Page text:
For those of us who grew up eating along the Tex-Mex mainstream, it’s been eye-opening in recent years to see the diversity of Mexican cooking from restaurants, or food trucks for that matter, working closer to the source material.

Johnny Sánchez, the collaboration of celebrity chefs John Besh and Aarón Sánchez, moves things in a different direction. The kitchen, overseen by chef de cuisine Miles Landrem, breaks from ardently traditional renderings and instead treats Mexican flavors to the same mix of reverence and reinterpretation we’ve seen applied to Italian, French and even Vietnamese cuisines at other contemporary, chef-led restaurants.

So tuna aguachile ($13) essentially becomes a raw salad with pink slabs of fish dressed like crudo in a riot of glistening colors, transparently thin radish slices, green and red chile rings and delicate microgreens.

For sopes ($15), palm-sized, pie shell shapes of masa dough are fried but also mixed with grated bits of corn for a moist backbeat. Filled with tender braised beef cheek, they come with a grilled, halved bone from which to scoop jellied bits of palate-coating marrow, a decadent maneuver akin to topping cochon de lait with pâté.

And arroz con pollo ($15) produces a chorus of crunch, with each grain of rice fried in rice flour, while grilled chicken, avocado and crumbled cotija cheese plant mellow elements over this tongue-tricking texture.

Found inside the soaring and modern CBD space that was previously Ste. Marie, Johnny Sánchez is casual, colorful, midrange, noisy, built for crowds and ready to party, with a cocktail list that ventures beyond typical tequila drinks (the florecita works like a tropical French 75; the limonada rosa makes bourbon into a sour punch).

The menu makes its mark with dishes you won’t find anywhere else in town, those that tap the inventiveness and resources of a big kitchen with chefs committed to recipe development. Surprisingly, it’s often the Mexican standards we can now find readily elsewhere in New Orleans that disappoint.

The tacos ($8 for two) get a good start on corn tortillas with a toasty flavor and pliant texture. But they tend to overreach and pack too much in. Roasted goat, deeply flavored though it may be, crowds out the pickled cactus and salsa that could have balanced it better, and the big hunks of fried mahi mahi busted through their tortillas at the first bite, sending the overly thick avocado slice shooting out the back like a bar of soap.

Tacos should be easier than this, which is why I prefer the straightforward “street tacos” on the new happy hour menu ($5 for two, from 3 p.m. to 6 p.m. Sunday through Friday) — like al pastor, slender chunks of pork with the sweetness of pineapple and bite of raw onions, and a vegetarian edition with creamy-textured fingerling potatoes with a slash of crèma.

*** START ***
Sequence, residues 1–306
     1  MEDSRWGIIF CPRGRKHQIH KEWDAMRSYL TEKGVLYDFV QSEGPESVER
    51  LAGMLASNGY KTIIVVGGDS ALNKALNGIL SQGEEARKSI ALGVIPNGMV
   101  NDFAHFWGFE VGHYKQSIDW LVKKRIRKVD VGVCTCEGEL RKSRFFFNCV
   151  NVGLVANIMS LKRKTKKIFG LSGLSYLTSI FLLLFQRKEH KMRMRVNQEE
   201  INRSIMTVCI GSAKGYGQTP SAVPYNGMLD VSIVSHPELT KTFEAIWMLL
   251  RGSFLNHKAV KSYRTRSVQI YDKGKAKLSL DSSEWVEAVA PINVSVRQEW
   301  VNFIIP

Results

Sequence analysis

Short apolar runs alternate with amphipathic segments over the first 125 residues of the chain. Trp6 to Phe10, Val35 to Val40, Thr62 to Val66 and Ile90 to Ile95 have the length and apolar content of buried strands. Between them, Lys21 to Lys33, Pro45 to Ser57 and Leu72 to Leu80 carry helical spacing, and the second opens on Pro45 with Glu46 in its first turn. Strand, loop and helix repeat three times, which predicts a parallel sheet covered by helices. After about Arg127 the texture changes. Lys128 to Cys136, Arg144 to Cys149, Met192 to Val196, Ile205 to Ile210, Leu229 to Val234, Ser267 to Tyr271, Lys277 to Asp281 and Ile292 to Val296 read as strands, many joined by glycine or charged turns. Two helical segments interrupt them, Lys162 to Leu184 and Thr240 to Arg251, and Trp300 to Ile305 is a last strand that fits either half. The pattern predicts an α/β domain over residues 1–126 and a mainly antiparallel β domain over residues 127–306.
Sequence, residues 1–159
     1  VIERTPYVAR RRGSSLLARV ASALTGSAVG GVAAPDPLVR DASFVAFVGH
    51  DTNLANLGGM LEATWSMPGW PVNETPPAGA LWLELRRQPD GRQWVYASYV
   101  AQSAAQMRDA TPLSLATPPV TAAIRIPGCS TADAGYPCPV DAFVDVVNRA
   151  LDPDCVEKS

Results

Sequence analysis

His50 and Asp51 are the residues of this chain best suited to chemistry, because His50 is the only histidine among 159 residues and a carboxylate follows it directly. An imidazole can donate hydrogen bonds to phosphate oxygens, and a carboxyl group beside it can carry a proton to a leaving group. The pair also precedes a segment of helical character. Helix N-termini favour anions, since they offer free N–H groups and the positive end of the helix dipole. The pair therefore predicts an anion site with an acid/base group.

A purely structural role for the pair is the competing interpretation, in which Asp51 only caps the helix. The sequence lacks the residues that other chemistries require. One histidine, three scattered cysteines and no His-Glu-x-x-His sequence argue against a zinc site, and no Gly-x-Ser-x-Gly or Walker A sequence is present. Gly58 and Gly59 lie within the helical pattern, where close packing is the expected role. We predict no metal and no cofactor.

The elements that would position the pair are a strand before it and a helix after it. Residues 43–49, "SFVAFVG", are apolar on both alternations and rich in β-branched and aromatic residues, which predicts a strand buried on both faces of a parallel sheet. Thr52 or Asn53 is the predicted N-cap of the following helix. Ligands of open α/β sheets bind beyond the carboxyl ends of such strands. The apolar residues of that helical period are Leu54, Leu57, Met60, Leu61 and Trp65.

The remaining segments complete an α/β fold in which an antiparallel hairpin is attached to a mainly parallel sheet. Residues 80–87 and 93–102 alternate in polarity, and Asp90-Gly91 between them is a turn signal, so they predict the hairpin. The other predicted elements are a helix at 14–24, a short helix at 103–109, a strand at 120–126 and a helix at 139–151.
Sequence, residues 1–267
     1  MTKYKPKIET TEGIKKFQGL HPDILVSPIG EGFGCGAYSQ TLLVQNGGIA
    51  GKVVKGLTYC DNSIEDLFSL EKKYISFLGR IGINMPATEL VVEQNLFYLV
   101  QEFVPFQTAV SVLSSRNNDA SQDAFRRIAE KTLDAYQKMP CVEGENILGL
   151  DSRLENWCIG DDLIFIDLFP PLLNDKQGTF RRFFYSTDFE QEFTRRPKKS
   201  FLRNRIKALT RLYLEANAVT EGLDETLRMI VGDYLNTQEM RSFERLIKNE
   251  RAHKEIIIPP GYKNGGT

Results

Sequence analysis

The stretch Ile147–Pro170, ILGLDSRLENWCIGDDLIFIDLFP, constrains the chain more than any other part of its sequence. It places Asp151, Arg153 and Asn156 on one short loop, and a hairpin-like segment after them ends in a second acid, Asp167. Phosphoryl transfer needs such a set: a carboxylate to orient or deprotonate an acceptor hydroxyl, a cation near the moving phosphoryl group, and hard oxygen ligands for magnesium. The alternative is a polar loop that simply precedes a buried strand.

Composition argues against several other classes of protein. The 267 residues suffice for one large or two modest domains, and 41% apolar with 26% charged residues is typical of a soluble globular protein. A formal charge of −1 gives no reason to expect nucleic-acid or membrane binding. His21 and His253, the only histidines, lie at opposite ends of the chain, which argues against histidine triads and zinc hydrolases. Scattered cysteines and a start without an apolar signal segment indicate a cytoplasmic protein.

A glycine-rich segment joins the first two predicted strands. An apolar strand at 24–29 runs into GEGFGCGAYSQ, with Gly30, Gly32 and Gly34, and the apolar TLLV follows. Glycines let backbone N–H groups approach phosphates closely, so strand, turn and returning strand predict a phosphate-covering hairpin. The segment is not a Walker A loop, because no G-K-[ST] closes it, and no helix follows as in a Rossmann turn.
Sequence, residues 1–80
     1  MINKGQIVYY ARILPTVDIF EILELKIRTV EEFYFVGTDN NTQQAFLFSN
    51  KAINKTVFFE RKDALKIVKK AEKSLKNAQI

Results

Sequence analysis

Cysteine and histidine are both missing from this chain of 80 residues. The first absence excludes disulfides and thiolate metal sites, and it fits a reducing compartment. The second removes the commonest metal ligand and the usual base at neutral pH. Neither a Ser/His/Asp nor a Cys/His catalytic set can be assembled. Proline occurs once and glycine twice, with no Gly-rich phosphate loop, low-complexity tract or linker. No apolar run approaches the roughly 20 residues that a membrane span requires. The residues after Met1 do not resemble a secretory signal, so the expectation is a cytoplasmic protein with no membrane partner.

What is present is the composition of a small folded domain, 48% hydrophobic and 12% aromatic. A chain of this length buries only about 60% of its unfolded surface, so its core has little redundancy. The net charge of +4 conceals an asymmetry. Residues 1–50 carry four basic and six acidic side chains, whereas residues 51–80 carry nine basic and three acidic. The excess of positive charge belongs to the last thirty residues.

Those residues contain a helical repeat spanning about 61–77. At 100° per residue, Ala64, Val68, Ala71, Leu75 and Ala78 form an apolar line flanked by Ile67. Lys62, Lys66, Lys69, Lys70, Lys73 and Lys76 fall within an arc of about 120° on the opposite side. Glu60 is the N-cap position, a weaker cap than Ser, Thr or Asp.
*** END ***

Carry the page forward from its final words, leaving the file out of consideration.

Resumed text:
The enchiladas ($20) are traditional and terrific, filled with tender bits of lamb and sealed over by a darkly aromatic mole, a distillation of many chiles, seeds, nuts and seasonings.

And the skirt steak ($28) is a showstopper, its crusted exterior crowned with a neat cylinder of compound butter turned green with epazote, an herb that gives a little pungent edge to the creaminess melting over the steak. Tuck the meat into tortillas provided on the side with bits of pickled red onions and ribbons of carrots and a drizzle of the house salsa verde and you’ve made the best tacos on offer here.

Platters of silver dollar-sized tostadas ($10-$15) bring one-bite balancing acts of many flavors. A recurring special of carne apache, a marinated beef tartar nestling raw quail egg, shows the wide potential for more tostada toppings, and should this section of the menu expand, I’d be game to try many more. That’s provided, however, that the chapulines don’t get involved.

These minuscule, fleck-sized grasshoppers are a traditional nosh in some parts of Mexico and an optional guacamole garnish at Johnny Sánchez. Salty and lime-streaked but also sometimes soggy and with a pungent marine flavor, like dried snack shrimp, I tried them twice to confirm I’m not a grasshopper guy. Still, they’re only a dollar, so trying them out is a low-risk novelty. The bigger issue is the guacamole ($6) itself, which tasted dull and flabby on its own.

The strengths of Johnny Sánchez come roaring back on the dessert menu, a short showcase of recast Mexican flavors, in this case by pastry chef Kelly Fields. Her chocolate tres leches cake ($9) tastes like chocolate milk momentarily captured as cake and is artfully arrayed across the plate with dollops of mousse, pearl-sized chocolate crisps, dots of toasty meringue and lines of tart gels.

Intricate, beautiful and delicious, it would be at home at Besh’s much higher-end Restaurant August. If that doesn’t sound like what you expect from a Mexican restaurant, dishes like this are how expectations change.

Follow Ian McNulty on Twitter, @IanMcNultyNOLA.